Fracking Drives U.S. Emissions to Two-Decade Low
More good news on the energy front.
Evidence continues to show that fracking is not just financially beneficial, but safe. In 2014 the Institute for Energy Research reported findings estimating a high-end energy cost relief of a remarkable $248 billion in 2013 as a direct result of fracking. Meanwhile, in April, yet another study failed — as myriad other studies have — to link fracking to environmental contamination (naysayers, by the way, tried desperately to conceal this).
These facts alone are enough to raise serious questions about why ecofascists have launched an assault on fracking, a technology they supported before it became a concrete solution to the world’s purported environmental calamities. But there’s another area fracking benefits that garners hardly any attention, though it should for those who claim to be concerned about the greenhouse gas effect. The Energy Information Administration says carbon dioxide emissions are currently on pace to hit a 24-year low in the United States, according to the Washington Examiner:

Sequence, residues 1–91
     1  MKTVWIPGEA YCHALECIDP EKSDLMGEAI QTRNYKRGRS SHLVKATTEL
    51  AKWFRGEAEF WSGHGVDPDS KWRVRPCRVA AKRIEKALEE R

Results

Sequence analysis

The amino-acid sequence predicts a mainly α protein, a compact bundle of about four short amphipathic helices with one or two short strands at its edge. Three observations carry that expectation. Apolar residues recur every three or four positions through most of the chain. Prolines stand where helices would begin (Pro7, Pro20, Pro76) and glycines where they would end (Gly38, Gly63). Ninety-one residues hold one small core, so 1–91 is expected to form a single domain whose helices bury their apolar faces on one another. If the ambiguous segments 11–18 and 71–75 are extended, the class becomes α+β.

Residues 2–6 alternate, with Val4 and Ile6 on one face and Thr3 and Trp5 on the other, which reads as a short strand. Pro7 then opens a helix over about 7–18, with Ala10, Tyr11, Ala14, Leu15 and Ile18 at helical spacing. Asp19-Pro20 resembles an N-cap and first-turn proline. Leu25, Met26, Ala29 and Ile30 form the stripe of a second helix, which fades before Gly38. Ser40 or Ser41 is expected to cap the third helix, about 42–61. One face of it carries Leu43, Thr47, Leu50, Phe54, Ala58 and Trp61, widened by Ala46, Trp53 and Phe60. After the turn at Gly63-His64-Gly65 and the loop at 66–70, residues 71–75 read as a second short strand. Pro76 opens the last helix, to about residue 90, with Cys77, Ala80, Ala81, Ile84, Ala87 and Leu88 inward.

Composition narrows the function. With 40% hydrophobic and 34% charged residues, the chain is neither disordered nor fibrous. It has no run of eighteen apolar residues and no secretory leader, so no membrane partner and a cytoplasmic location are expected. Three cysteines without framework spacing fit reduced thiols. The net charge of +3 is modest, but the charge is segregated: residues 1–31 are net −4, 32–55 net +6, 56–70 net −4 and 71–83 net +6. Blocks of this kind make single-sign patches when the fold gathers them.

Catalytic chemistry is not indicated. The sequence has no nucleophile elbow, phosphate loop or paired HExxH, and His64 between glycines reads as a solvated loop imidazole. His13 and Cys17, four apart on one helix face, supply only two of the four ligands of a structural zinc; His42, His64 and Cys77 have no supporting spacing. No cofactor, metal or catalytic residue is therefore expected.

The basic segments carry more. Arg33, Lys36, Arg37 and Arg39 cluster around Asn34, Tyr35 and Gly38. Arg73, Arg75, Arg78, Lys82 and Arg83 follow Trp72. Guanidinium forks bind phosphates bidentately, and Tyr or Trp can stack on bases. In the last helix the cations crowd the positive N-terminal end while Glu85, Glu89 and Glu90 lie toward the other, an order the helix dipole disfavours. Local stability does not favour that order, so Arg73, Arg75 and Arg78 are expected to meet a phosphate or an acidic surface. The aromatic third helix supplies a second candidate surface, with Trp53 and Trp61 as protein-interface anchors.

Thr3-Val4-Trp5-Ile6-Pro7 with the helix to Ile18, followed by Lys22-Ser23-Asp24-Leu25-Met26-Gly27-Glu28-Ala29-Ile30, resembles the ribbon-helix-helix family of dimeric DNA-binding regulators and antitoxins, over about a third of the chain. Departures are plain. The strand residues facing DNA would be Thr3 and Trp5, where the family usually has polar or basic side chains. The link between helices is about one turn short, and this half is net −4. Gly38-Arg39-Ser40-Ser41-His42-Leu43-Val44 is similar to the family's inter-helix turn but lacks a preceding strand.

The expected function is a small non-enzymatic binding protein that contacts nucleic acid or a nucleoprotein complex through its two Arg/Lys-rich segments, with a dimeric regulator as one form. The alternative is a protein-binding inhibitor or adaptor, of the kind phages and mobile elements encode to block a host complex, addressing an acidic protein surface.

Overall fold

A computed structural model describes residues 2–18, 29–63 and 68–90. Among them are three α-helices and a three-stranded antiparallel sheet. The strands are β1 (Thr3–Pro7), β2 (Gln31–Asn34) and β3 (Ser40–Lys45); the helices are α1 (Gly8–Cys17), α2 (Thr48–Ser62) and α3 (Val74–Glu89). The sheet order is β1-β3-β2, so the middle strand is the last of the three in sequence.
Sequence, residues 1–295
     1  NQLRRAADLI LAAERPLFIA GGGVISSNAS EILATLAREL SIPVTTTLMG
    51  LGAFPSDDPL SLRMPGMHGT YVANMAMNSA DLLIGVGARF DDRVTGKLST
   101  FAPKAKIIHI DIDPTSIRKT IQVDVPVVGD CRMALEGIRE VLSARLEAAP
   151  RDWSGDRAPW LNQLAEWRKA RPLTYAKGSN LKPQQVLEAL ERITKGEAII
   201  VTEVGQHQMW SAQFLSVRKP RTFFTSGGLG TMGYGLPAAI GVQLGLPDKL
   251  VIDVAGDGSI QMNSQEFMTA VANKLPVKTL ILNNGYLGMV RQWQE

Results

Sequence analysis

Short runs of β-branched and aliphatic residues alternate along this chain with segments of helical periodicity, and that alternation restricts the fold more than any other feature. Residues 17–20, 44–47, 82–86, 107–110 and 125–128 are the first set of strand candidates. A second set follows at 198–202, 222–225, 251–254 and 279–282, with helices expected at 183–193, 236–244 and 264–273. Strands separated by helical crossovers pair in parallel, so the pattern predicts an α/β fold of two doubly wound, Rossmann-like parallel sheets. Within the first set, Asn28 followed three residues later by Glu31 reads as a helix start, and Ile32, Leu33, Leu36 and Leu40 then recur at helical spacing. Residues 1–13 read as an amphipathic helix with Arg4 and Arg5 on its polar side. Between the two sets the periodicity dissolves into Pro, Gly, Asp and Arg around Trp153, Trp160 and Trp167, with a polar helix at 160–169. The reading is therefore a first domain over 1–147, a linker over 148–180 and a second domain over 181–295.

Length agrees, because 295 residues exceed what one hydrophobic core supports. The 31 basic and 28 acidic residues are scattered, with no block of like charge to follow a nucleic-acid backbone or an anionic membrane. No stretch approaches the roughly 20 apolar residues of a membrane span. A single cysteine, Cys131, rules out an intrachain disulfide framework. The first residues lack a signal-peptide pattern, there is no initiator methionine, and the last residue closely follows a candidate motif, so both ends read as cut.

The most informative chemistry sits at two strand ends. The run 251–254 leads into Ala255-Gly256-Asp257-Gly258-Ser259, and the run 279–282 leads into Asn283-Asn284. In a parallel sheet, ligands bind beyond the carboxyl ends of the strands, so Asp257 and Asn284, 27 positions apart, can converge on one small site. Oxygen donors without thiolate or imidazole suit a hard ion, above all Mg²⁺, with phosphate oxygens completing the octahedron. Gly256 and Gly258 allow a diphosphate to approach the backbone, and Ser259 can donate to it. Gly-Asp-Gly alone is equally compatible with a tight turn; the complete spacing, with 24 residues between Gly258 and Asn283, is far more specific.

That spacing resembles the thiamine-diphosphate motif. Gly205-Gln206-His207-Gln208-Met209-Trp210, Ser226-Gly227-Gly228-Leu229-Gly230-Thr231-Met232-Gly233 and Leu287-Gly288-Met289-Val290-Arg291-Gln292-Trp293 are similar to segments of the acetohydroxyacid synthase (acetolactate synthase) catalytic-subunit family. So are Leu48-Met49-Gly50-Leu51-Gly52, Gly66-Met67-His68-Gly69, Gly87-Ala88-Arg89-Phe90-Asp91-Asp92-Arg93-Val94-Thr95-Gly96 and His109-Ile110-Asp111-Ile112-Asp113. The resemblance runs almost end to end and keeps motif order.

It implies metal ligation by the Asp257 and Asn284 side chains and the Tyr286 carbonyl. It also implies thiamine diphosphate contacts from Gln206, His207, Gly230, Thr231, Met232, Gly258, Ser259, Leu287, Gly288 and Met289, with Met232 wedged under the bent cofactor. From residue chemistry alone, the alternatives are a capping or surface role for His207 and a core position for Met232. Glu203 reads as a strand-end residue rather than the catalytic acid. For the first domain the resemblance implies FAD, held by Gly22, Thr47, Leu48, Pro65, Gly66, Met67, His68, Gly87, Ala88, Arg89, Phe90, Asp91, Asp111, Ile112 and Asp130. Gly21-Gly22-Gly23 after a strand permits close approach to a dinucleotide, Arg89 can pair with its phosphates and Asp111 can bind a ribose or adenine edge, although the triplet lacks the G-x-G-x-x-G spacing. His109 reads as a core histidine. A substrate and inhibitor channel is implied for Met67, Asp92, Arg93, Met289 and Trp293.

Carbon emissions from fossil fuels are projected to be less than 5.2 billion metric tons this year, the lowest since 1992, said Adam Sieminski, the head of the Energy Information Administration, the Energy Department’s statistical and analysis arm. “The drop in CO2 emissions is largely the result of low natural gas prices, which have contributed to natural gas displacing a large amount of coal used for electricity generation,” he said, commenting on the agency’s latest monthly energy forecast released Tuesday.
This should be welcome news for the International Olympic Committee considering it approved Rio’s making a big deal of CO2 and “climate change” at Friday’s opening ceremonies. Actually, America is doing just great. But Brazil sure could use some work — starting with less deforestation and cleaning up its junk-ridden water.